Our lives today are filled with the latest and greatest technology. Wherever we go, whatever we do, chances are there’s something in our immediate vicinity that runs off electricity or battery power – hell, for us geeks it’s practically sacrilege to leave the house without phones, laptops, MP3 players and digital cameras. But with this growing dependence and acceptance of gadgets as an extension of ourselves, somewhere along the line some of us forgot that we are still people, and still require to maintain a consideration for our fellow man or woman. After all, even though it is our ability to create and use gadgets that separates us from the animals, it is our ability to understand their social impact that makes us truly human. There are many potential gadget etiquette issues that could be addressed, but today I’ll be focussing on one in particular: playing music through your mobile phone’s speaker at loud volumes in public places. And I’m not talking about the park (although that’s bad enough) – I’m talking about shopping centres, restaurants, and other places where there is a lot of foot traffic.
In the past fortnight, I’ve been exposed to two separate incidents of this horrendous misuse of technology. And before you comment that I am exaggerating the offence remember that you weren’t the one to be subjected to the combination of instruments and synthesisers blasted together in a not-quite-random-but-not-quite-structured excuse for music. The first incident occurred at the local shopping centre. One guy, shorts exposing relatively cheap satin boxer shorts and a white singlet that proclaimed he was tougher than his choice of music suggested, leaning against a railing with music blasting from his Nokia.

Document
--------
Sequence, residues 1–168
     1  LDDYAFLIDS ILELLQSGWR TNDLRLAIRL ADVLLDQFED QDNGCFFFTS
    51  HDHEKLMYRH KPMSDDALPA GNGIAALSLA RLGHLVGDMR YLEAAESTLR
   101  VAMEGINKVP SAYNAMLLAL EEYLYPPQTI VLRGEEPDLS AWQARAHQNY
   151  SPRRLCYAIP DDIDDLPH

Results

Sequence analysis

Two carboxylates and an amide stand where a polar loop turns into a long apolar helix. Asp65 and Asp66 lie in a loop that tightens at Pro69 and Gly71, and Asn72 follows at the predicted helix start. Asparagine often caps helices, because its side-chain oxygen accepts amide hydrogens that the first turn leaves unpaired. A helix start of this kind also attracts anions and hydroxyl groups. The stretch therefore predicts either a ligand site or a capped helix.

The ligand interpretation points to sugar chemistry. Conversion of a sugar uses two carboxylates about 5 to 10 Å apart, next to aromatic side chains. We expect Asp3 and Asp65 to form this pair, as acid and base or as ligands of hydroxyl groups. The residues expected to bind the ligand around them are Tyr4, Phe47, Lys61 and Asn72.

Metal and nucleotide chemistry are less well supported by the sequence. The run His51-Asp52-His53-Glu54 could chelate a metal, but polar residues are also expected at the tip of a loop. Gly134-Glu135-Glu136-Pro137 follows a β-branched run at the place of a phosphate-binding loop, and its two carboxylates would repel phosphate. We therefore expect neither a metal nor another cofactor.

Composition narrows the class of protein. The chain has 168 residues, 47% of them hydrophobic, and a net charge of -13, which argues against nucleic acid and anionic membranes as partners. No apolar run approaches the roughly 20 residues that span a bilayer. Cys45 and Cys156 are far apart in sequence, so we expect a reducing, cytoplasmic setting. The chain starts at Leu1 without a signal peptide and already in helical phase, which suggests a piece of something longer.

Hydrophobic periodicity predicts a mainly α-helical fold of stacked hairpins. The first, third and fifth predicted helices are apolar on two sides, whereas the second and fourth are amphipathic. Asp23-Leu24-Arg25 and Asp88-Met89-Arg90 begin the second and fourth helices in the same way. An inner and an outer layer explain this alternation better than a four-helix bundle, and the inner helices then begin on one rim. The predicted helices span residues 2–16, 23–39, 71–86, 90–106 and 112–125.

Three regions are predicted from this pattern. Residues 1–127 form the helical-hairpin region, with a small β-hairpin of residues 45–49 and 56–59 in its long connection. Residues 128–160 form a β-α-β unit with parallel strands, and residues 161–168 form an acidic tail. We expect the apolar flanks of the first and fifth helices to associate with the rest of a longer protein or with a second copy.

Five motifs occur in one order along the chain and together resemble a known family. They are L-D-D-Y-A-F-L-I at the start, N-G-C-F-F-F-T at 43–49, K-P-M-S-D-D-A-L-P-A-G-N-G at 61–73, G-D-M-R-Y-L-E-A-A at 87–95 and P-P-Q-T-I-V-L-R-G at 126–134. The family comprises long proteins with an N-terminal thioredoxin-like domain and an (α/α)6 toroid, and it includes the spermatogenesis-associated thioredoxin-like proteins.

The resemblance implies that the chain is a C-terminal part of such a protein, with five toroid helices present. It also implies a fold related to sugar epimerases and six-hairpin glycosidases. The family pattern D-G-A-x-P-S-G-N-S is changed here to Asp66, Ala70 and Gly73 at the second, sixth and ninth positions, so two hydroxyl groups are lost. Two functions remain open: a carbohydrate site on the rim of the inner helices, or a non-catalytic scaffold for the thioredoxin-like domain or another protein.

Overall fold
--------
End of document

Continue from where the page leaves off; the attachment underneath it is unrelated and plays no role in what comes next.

The second event was similar, although more disturbing as it involved a young girl of about eight walking next to her father as they entered a supermarket. I say more disturbing because the father – who should be one of the key people in this girl’s life to teach her the moral responsibilities of gadget use – made no effort to try and stop his daughter from inducing terrible pain and suffering on the masses of people they passed.
Now maybe it’s just me, but I understand that there is a time and a place for sharing music – generally when the people I’m sharing the music with are willing subjects. If that’s not the case, then get yourself a pair of headphones – they’re not expensive, and pretty much every phone or MP3 player these days comes with a pair in the box – and keep your poor taste in music to yourself.
What are your thoughts on gadget etiquette? Should we perhaps try and make this a mandatory course of study for children in today’s schools? Or pass legislation that prohibits the public broadcast of crappy music from portable devices? Thoughts in the comments please…